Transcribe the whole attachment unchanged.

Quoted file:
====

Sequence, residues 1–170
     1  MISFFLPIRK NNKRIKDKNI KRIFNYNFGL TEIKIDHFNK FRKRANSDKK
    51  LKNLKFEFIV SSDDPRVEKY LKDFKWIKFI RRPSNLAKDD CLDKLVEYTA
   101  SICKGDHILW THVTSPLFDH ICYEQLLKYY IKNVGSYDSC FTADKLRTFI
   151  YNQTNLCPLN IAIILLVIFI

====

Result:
Sequence, residues 1–170
     1  MISFFLPIRK NNKRIKDKNI KRIFNYNFGL TEIKIDHFNK FRKRANSDKK
    51  LKNLKFEFIV SSDDPRVEKY LKDFKWIKFI RRPSNLAKDD CLDKLVEYTA
   101  SICKGDHILW THVTSPLFDH ICYEQLLKYY IKNVGSYDSC FTADKLRTFI
   151  YNQTNLCPLN IAIILLVIFI